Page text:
Lastly we visited the ruins of Wormsloe the plantation ruins of one of the founding fathers of Savannah.  The most interesting part was the entry road.  Over a mile of Spanish Moss covered oak tunnel.


The ruins weren't much more than some waist high stub walls of the concrete/shell mix known as tabby.  But this sign on the railing was cute.







It got its message across clearly.  Our guide was dressed in period costume and demonstrated musket fire.


After a very rainy night we left for Charleston, SC with a stop at Hilton Head for lunch.  On the west coast we have heard of this place as a fancy place to live and play.  It reminded me of the islands near Brunswick except the six lanes of traffic were much worse.  We ate and left.  There is only one highway in and out.  One advantage of this detour is that we stayed away from the freeway on secondary roads and came across what claims to be the smallest church in America.



It holds 12 members and a priest (it is Catholic).  One thing we have noticed is the high (compared to home) number of churches.  There are three or four times as many churches per mile in the south than in the west.  And most of them are names that we have never heard.  This is definitely the "Bible Belt".







After our arrival at the state park and setting up we headed downtown to the historical district.  In the heart of it is the Charleston City Market.  It is four blocks long, 50 feet wide and lined on each side with artisan and souvenir stands.  So we started by walking each of the four block-long buildings and looking at the goodies.  One specialty of the area is grass and palm baskets.  They are beautiful and mostly well done.  But paying $300-500 for a basket that will only hold a dozen rolls on the dinner table is beyond our budget.




Charleston harbor has Fort Sumpter at its mouth.  This is where the opening shots of the Civil War were fired by recently seceded South Carolina upon the Union occupied fort.  It had just been completed and was only partially armed and manned.  It didn't last long.

The visit is by tour boat and takes nearly three hours for one hour in the fort.  






You get a nice harbor cruise out of it too with a look at the fancy 1800's waterfront homes of which this is one.  The porch is down the side to take advantage of the breeze off the water running lengthwise down it.

The city has many narrow but pretty streets.












On our last day we went to the Old Slave Mart.  This is the actual building in which slaves from Africa and US born were sold.  The rear building where they were penned and fattened up after a dangerous ocean crossing has been torn down and made into a parking lot.  It has a nice museum inside with lots of pictures and stories but is not a replica of the sales room.  It is a well presented story of a horrible chapter in American history.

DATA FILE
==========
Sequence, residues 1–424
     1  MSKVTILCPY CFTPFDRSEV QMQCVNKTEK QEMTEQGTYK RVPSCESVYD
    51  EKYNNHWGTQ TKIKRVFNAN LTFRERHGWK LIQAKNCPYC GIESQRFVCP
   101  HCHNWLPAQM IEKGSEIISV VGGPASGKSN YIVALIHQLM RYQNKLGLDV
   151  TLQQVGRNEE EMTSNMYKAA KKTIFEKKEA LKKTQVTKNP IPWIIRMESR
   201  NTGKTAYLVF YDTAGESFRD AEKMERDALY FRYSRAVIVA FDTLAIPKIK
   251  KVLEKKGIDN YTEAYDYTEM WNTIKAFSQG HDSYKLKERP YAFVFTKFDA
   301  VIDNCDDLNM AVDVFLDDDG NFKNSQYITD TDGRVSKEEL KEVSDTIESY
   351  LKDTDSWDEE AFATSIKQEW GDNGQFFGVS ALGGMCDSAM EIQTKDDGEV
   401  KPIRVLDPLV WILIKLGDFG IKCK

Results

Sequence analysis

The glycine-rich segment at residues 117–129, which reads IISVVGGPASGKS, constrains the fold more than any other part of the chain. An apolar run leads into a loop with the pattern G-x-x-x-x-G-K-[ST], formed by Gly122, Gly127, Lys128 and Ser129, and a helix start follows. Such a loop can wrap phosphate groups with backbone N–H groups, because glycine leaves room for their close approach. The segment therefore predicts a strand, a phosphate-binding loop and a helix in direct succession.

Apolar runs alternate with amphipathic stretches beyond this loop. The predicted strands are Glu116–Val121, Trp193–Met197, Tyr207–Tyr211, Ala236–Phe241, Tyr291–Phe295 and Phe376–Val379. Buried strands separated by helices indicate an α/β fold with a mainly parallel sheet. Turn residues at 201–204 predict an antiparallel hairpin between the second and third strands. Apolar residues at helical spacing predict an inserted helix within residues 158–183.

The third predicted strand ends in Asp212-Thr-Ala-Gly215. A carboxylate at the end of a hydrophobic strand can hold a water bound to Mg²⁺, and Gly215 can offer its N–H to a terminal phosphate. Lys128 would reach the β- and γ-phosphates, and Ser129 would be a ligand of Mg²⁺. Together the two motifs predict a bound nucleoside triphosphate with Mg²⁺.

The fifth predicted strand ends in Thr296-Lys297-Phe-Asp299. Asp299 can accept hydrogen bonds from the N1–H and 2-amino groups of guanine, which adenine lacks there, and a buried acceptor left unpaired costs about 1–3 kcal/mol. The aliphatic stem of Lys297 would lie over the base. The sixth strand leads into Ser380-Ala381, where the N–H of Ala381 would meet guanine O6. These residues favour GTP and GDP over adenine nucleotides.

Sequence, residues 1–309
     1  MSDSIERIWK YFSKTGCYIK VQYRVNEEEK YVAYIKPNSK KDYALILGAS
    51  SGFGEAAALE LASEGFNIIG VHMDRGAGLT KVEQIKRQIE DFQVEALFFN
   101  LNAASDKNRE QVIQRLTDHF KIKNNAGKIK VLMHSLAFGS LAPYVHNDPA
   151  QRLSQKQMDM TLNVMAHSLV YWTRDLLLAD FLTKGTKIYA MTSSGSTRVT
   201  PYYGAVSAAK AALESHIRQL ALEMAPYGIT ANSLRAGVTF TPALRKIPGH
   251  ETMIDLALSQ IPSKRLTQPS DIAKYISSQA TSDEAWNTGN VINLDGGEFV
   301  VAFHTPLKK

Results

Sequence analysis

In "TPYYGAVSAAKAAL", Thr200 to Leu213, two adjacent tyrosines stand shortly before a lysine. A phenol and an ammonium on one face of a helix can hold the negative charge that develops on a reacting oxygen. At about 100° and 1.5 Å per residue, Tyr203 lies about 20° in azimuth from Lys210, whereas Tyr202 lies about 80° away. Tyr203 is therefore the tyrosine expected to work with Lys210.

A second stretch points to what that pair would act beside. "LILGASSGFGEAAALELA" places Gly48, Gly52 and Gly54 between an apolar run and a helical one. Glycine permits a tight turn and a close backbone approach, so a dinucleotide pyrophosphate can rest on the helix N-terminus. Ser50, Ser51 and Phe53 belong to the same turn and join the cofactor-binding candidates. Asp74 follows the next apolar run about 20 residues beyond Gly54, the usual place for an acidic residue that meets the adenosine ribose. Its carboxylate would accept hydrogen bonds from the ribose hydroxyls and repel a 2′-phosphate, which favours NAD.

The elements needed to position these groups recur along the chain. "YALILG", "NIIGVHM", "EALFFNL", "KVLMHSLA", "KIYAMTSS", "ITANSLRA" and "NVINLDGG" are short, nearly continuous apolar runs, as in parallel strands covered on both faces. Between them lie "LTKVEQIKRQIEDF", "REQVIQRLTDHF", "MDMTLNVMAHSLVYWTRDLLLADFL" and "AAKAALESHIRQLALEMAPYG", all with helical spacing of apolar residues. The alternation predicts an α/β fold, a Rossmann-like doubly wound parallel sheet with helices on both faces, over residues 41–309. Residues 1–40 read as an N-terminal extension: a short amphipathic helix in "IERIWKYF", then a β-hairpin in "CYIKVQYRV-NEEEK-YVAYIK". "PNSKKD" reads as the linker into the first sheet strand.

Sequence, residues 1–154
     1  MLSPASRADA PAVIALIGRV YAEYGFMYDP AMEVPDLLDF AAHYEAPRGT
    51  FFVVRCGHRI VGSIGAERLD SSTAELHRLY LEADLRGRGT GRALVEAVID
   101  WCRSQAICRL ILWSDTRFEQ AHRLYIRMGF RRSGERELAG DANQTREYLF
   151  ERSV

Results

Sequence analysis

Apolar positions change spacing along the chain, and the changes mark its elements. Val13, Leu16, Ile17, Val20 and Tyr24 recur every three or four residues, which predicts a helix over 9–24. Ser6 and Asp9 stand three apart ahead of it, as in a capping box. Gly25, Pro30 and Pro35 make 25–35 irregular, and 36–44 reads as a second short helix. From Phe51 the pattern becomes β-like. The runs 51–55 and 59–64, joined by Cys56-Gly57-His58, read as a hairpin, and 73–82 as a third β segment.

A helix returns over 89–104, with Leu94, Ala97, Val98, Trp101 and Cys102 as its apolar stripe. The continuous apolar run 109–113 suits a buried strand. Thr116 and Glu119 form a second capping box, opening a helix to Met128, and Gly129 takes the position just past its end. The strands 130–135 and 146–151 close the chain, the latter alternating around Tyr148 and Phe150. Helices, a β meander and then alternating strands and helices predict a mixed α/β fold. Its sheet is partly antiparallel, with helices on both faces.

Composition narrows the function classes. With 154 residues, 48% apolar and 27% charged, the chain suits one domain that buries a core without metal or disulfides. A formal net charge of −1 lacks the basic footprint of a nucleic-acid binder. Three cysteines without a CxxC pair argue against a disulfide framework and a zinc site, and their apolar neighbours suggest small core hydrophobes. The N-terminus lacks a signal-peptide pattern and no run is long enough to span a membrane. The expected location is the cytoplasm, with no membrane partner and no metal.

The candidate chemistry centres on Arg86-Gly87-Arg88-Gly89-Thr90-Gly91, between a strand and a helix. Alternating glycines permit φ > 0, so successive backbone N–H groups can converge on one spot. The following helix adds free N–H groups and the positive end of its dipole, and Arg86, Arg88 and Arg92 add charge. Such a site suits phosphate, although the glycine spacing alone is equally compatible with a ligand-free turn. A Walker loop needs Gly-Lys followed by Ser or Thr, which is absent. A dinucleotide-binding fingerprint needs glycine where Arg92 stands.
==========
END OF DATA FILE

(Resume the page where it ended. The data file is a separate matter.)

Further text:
Our last event is a Pub Tour.  A guided tour of some local pubs and a discussion of the significance of the historical buildings housing them.  Dane was our guide and because we were the only people who had signed up for this Monday afternoon tour we had many good discussions on several subjects.  Dane did a very good job and knew the buildings and local beers.  As a beer lover and homebrewer I had a very good time.

We are now headed to Augusta, GA.  I have a cousin who lives there and we will visit for a few days, do some maintenance and see some local sights.



Many of you motorcycle riding readers are probably getting bored with all the sights I've been writing about and not much of our riding.  There is a reason for that, the riding has been mostly boring!  We have been under 200 feet in elevation since we left San Antonio, TX two months and 4,000 miles ago!  That means the roads are straight and flat.  Well, that dearth of riding commentary is coming to an end.  On the way to Augusta the roads are still fairly straight but we topped 450 feet and found vertical changes exceeding 100 feet.  Augusta is on the fall line, a geographical line that is the edge of a prehistoric sea.  Below it is the flat lowlands and swamps of the coastal areas.  Above it is the hilly and even mountainous areas.  At Augusta the fall is only 53 feet in 6 miles but that created rapids that made river travel difficult beyond it and a manmade canal created a hydro power source for mills in the mid-1800's.  This enabled the area build factories to create cloth from their cotton without sending the bales of cotton north for them to do it.  Today the canal still provides power and you can tour it by canal boat from the tourist center in one of the old factories.

Next we head inland to the hills!